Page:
Regular skipper Sharma tested positive for COVID-19 last Saturday, with Mayank Agarwal called up to the squad to provide cover.

Having again returned a positive test on Thursday, the Board of Control for Cricket in India (BCCI) confirmed Sharma will play no part at Edgbaston.

Bumrah will step up for his maiden stint as captain at any level, with Rishabh Pant as his deputy, and becomes the first fast bowler to lead India since Kapil Dev in 1987.

Virat Kohli skippered India in the first four Tests last year, with the final match being pushed back by nine months due to a COVID-19 outbreak in the tourists' camp.

Rohit's absence will leave a huge void to be filled, the 35-year-old's 368 runs across the first four Tests bettered only by the 564 managed by England's Joe Root.

England have a coronavirus absentee of their own for the fifth Test, which India lead 2-1, as Ben Foakes has failed to recover in time for the start of play on Friday.

Sam Billings, who was called up to the squad during the final Test of England's 3-0 whitewash of New Zealand, will therefore keep his place behind the stumps.

James Anderson returns to the England team in place of Jamie Overton, meanwhile, despite the latter impressing against the Black Caps.

England captain Ben Stokes has confirmed Jamie Overton will make his Test debut against New Zealand on Thursday, replacing the injured James Anderson.

Having ensured a series victory with a five-wicket win over the tourists at Trent Bridge last week, England go in search of a 3-0 triumph when they head to Headingley for the third and final Test.

They will be without Anderson - who claimed 11 wickets across the first two Tests - for that contest after the paceman suffered an ankle injury.

But Stokes, who was originally a doubt himself after feeling unwell, hopes the addition of Overton to the XI will provide a boost for Brendon McCullum's men.

"Unfortunately Jimmy has not pulled up as well as we would have liked," the skipper told Sky Sports. "So Jamie Overton is going to make his debut this week.

"It's unfortunate for Jimmy but we've obviously got a massive Test match against India next week to look to as well. He didn't pull up as well, so it's great Jamie gets the opportunity to represent England."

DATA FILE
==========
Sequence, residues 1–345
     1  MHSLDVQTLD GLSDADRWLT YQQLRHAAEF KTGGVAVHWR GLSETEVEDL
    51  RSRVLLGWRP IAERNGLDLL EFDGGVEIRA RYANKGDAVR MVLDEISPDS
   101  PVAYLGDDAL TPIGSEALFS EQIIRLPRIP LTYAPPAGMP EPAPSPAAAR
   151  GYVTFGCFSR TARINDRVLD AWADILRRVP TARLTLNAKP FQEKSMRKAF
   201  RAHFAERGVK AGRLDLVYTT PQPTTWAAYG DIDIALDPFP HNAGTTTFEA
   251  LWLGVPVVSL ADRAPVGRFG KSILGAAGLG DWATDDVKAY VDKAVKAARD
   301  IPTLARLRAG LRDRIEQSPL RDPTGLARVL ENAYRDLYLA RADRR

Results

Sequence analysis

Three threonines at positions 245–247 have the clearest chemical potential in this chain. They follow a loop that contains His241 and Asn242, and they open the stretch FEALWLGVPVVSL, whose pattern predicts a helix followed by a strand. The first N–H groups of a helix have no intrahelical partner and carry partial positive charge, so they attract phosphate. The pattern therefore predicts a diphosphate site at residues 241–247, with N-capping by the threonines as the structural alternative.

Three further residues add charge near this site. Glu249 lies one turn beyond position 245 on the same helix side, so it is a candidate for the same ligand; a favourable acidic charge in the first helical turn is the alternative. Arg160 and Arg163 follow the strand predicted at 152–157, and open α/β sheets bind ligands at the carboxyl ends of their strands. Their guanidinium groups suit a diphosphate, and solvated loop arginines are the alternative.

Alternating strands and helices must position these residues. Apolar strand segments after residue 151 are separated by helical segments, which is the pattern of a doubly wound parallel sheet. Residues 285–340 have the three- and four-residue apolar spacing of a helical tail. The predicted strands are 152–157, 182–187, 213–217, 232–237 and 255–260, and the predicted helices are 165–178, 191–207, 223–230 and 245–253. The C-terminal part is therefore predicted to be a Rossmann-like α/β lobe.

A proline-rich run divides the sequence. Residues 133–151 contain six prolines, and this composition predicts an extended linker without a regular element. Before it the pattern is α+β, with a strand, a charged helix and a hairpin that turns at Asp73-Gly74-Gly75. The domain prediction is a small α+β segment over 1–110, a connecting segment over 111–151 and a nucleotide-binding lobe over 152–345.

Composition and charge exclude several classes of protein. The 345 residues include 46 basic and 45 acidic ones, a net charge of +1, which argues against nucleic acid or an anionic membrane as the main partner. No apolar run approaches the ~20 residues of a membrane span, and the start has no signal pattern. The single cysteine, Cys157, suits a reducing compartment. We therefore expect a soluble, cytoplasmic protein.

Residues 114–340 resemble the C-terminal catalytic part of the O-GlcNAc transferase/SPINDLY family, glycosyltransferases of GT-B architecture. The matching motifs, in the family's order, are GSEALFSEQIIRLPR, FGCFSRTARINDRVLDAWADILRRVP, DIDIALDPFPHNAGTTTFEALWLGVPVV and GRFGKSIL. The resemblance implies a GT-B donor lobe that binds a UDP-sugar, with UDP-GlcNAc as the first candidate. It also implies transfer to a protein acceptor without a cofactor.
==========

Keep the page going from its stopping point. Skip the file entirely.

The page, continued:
Asked about Overton's potential, Stokes added: "He's been very impressive.

"The way that he's bowled, we always want a point of difference in our side, and Jamie's been bowling with some serious pace and been changing games as well.

"So to have someone come in, in obviously a different role to what Jimmy normally plays, and in the back pocket having someone who can bowl 90 miles an hour and bowl aggressively, is exciting to have in the team."

Overton has taken 21 wickets for County Championship Division One leaders Surrey at an average of 21.61 this season.

His twin brother Craig was also called up to the England squad for the final Test but has narrowly missed out on selection.

James Anderson picked up his 650th Test wicket as England set up a push for victory in the second Test with New Zealand.

Joe Root set the tone on Monday by reverse scooping his second ball against Tim Southee for six, with England looking to score quickly to overturn an 80-run deficit.

Root fell on 176 shortly after, caught at cover off Trent Boult's bowling, while Stuart Broad (nine) followed to Michael Bracewell and Ben Foakes was run out after posting 56.

Boult completed his 10th five-wicket Test haul by bowling Matthew Potts (three) before Bracewell (3-62) dismissed Anderson (nine), with England all out for 539 – only trailing by 14 runs.

Anderson made a bright start as Tom Latham (four) left a straight one to hand the seamer his landmark dismissal, before Will Young and Devon Conway steadied the ship.

Conway's resistance ended when he fell for 52, caught attempting to sweep Jack Leach (1-78), before Henry Nicholls (three) directed a wide Potts ball to Alex Lees at gully.

England were boosted when a mix-up saw Young (56) run out, which brought Tom Blundell together with Daryl Mitchell, the pair who shared 236 in the first innings.

Blundell was then caught off a Stuart Broad (1-53) bouncer on 24, while Bracewell made a brisk 25 before being removed by Potts (2-32) and Southee (nought) was another to be needlessly run out.

Mitchell finished unbeaten on 32 alongside Matt Henry (eight not out), with New Zealand on 224-7, leading by 238 to tee up an enticing final day where all four results are possible. 

Awesome Anderson

Anderson shows no sign of relenting in the twilight days of his incredible career, picking up his 650th scalp in red-ball internationals.

Only Muttiah Muralitharan (800) and Shane Warne (708), both spinners, have taken more Test wickets than the England seamer across his 19-year international career.

Sorry Southee

Unlike the excellent Boult, who posted 5-106, seaming partner Southee struggled in Nottingham. He failed to grab a wicket from his 32 overs, bowling just one maiden and conceding 154 runs.

Southee became just the fifth New Zealand bowler to concede 150-plus runs without a wicket in an innings, while his wicketless figures were the most expensive in a men's Test match at Trent Bridge.

Daryl Mitchell and Tom Blundell combined to put New Zealand in the ascendancy at 236-4 at stumps on day two of the first Test, leading England by 227 runs.

England added just 25 to their overnight score as they were dismissed for 141, a lead of nine, as both teams were bowled at Lord's in a Test match first innings for less than 150 for the first time since 1954.

Tim Southee (4-55) accounted for Stuart Broad (nine) and Ben Foakes (seven), while Trent Boult (3-21) removed Matt Parkinson – playing his first Test as a concussion sub for Jack Leach – for eight.

That called James Anderson (1-49) and Broad (1-47) back into action far sooner than they may have expected at Lord's, and the former soon dismissed Will Young for only one in the third over.